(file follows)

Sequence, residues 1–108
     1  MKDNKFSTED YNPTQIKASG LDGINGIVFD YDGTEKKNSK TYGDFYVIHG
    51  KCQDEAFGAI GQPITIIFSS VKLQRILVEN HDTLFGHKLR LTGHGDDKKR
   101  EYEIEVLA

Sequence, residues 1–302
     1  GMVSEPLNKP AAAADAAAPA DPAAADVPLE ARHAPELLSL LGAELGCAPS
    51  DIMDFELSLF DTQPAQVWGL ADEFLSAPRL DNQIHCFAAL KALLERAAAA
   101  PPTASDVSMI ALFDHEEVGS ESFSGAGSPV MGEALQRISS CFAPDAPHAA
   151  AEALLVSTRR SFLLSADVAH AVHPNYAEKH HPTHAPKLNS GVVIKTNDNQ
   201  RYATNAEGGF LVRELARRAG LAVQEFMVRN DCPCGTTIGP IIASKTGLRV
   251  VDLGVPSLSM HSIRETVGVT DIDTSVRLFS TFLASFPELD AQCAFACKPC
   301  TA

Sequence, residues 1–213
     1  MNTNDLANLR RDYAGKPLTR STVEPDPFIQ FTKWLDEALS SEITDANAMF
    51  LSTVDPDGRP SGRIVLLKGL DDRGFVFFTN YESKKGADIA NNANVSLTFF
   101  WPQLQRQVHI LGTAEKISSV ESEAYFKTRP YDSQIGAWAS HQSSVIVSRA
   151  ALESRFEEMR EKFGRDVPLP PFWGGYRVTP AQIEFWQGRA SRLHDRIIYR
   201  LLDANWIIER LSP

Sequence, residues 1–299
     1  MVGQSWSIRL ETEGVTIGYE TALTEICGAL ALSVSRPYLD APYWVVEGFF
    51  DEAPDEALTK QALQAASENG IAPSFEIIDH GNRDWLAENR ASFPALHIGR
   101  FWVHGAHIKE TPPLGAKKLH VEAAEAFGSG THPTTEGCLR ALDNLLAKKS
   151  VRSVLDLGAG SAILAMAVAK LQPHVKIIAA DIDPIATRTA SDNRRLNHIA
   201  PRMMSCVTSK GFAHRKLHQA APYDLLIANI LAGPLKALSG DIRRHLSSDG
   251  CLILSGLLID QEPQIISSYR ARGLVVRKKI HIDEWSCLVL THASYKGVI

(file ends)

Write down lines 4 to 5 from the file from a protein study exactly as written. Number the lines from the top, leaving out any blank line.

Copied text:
   101  EYEIEVLA

Sequence, residues 1–302